Canada made their way to Group C with the Soviet Union, France and Hungary. This was the only year Canada ever participated in the World Cup. Although they didn't manage to score a single goal, they held the French until the end and Mike Sweeney got a red card, one can only assume he apologized for this.

Sweeney was sent off in the second game against Hungary,[4] making him the only Canadian player ever to be dismissed at a World Cup Finals tournament.

Special mentions

Diego Maradona from Argentina got himself 5 goals and the Golden Ball that year, Argentina won.

Also Sons of Andrew and band out of Edmonton, Alberta made a song dedicated to the unique Canadian squad.

There's a documentary on Canadian Journey to the World cup on Youtube called:
The Journey - 1986 Canada Soccer Documentary (pretty interesting, TSN)

If you're a collector, these are the ones you're looking for:

Monday, May 12, 2014

The Weekend Beer Haul (Franconia's Franky's)

First and foremost here's the beer haul from this weekend:

They have these store's named Orterer, Franky's and Fristo where they usually sell anything that comes in a bottle. The problem is there's no way of telling which brands they carry. The outcome is that "kid in a candystore feeling". I got my friend a case of gluten free beer and a mixed variety for me. Have you ever heard of these?

Saturday, May 10, 2014

Munich Monster Bash 2014

Here's a fun one, you know that guy at the concert that's constantly pulling out his state of the art iPhone 4 or Samsung Galaxy to take very high quality pictures from 50 ft away? He's the same guy who's scrambling to take a video of the "new" song or "song we've never played before" from that obscure band and post that masterpiece on Youtube.

I chose to be that guy just to show you that we sort of lost the feeling of what going to a show is all about, the event, the excitement, the exclusivity of it is tossed by the shitty pics and videos that will be archived in our phone and never shown to anyone.

The concert was on a Saturday starting early in the afternoon and like any other concerts it took way too long to get our wristbands and we missed the first band all together.

If you want to check out the place:


 Here's a few from the pit, you can't get any closer but if you've ever been in a mosh pit, you know that no image stabilizer in the world will make these pics look good!

 And a bonus picture from this guy wearing some Mute gear (Québec is present in Munich).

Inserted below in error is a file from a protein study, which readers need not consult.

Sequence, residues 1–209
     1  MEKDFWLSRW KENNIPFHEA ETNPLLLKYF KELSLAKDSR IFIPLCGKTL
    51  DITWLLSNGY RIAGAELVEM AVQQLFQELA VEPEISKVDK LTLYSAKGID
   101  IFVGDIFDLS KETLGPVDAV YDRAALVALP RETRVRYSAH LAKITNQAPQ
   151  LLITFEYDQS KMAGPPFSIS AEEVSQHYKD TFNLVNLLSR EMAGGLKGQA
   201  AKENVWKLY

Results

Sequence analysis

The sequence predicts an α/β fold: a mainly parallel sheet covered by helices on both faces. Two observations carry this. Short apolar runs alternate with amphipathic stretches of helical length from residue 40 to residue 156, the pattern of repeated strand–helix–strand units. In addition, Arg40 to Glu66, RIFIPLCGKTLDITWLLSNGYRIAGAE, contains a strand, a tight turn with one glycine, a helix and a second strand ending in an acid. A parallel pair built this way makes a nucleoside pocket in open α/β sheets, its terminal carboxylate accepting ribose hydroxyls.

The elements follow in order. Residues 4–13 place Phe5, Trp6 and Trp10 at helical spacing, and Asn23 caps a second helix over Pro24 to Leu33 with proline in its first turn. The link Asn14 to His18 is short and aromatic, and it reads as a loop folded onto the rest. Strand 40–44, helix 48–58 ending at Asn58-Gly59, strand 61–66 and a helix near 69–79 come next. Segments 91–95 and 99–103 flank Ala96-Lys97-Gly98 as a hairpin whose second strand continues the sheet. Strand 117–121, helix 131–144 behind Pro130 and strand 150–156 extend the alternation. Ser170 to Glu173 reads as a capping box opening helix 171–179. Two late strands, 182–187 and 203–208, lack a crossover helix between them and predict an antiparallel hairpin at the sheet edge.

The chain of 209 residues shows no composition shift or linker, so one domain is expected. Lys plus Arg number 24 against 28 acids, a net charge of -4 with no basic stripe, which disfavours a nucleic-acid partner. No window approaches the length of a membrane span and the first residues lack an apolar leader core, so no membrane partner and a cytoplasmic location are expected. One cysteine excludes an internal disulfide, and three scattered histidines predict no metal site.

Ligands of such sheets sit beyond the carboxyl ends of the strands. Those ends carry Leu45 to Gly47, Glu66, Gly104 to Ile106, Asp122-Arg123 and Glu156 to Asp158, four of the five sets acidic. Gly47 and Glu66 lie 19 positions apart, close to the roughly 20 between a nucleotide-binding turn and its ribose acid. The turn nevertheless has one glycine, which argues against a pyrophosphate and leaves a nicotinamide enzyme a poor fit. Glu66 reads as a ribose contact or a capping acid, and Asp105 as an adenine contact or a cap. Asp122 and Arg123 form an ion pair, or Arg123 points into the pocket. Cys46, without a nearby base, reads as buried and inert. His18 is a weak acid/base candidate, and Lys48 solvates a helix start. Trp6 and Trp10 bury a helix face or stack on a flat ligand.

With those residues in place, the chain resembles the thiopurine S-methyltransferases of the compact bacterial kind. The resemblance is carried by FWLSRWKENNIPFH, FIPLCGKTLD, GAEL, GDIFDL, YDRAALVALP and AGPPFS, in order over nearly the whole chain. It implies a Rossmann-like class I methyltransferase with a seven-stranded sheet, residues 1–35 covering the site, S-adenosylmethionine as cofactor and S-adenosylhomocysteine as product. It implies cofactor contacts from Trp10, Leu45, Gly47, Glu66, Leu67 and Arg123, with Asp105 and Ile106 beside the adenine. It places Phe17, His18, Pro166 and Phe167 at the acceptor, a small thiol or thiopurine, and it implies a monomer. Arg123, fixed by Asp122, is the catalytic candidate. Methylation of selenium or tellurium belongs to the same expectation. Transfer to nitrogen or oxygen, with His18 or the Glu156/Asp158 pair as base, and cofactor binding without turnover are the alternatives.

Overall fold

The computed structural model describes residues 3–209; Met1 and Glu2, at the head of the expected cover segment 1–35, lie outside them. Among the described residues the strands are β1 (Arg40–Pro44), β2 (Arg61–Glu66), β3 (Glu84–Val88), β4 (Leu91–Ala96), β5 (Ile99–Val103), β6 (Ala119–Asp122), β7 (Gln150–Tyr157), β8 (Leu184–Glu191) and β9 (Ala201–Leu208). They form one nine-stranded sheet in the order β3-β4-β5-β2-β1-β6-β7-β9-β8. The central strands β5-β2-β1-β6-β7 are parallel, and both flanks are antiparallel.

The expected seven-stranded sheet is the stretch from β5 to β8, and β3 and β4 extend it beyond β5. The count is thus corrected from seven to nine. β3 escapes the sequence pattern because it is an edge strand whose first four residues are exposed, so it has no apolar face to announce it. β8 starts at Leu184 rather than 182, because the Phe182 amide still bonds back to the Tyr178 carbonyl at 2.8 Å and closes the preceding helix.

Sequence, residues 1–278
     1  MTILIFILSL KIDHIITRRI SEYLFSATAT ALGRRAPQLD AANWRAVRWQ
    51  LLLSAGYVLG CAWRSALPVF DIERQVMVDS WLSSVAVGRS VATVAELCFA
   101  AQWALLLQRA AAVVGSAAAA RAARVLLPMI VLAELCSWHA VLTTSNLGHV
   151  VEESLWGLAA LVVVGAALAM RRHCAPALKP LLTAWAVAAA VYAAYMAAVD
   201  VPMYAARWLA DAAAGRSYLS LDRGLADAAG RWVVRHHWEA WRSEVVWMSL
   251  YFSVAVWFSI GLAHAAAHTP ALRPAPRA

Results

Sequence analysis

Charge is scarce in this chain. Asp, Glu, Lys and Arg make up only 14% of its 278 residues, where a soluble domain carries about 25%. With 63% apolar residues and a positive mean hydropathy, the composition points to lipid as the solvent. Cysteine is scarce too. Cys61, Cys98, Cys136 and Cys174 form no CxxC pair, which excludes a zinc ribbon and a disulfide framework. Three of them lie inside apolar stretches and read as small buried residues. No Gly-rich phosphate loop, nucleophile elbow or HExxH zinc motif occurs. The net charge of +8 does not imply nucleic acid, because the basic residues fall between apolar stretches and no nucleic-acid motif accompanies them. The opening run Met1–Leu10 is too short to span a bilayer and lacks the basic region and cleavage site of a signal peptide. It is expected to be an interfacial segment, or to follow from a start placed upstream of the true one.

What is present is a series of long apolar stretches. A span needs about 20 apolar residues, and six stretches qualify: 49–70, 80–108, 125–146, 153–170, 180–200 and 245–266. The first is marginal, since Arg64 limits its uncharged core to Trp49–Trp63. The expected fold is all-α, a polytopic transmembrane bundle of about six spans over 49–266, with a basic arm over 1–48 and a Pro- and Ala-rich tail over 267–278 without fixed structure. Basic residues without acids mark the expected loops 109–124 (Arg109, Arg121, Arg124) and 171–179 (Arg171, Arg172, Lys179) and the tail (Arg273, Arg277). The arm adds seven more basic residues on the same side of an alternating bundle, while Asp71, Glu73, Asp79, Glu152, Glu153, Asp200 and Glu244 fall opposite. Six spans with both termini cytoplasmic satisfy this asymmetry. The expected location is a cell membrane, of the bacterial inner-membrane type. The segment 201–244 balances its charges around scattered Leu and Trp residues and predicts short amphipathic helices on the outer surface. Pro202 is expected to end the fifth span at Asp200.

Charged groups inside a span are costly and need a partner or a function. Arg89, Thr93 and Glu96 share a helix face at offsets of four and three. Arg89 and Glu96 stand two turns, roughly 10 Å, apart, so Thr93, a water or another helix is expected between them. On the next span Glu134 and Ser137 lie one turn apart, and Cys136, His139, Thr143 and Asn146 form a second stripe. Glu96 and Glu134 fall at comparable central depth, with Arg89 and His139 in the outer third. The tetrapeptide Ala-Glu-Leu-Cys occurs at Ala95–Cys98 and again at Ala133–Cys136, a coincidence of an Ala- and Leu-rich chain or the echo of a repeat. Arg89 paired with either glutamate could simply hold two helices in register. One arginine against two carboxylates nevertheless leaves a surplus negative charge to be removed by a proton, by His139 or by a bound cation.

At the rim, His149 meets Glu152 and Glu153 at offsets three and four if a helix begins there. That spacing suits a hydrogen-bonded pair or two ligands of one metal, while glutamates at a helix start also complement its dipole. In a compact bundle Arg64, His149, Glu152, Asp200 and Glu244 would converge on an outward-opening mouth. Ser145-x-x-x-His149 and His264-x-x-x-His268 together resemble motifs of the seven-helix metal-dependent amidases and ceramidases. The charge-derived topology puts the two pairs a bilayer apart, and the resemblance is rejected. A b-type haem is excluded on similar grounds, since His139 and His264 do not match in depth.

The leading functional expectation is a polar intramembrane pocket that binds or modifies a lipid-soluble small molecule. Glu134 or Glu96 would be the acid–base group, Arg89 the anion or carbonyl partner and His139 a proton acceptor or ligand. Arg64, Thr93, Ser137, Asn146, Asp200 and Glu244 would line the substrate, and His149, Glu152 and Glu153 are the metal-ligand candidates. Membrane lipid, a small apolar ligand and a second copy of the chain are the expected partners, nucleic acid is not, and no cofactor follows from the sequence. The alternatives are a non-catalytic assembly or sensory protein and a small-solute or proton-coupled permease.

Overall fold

Ignite video here.

Sunday, May 4, 2014

The Good, The Bad and the Different: Die Musik

The Good

For starters, Spotify is available in Germany and I've been enjoying the hell out of it, it's interface is similar to iTunes and it's free, with occasional ads. The paid version gives you no ads and an unlimited amount of music across several devices for an annual price tag of 120$.

The Bad

Can't torrent, whether you're a firm believer in file sharing or an advocate of copyright protection in Germany you no torrent! A handful of law firms are partnering up with ISPs all over Germany and are sending out letters threatening to fine you for life. Settle or fight it, you will have to fork out some Euros to resolve that piece of mail.

The quality of the internets in some areas are very low quality, if your building is not equipped with fiber optic you're stuck on DSL along with all of your neighbors and their neighbors. Static and interference prevail! Streaming movies and tv shows is a painful activity for most, we have better luck with music files which require less resources but not without interruptions.

If you read my article on GEMA you already know that a fair amount of Youtube videos are blocked as well.

The Different

The best and most reliable source is still the cd player! We own one and I use it! This piece has likely lost 90% of it's original monetary value but in my heart it will forever remain a loyal friend.

Monday, April 28, 2014

Beer art

I've been working on this for a bit, I've always been a fan of Augustiner so I thought I've redo the bottle cap logo from scratch and switch some colors around to fit with some of their labels. Let me know what you think.

(Click on image. See big big size.)
Is there another color you'd like to see? What's your favorite beer label/logo?

Saturday, April 26, 2014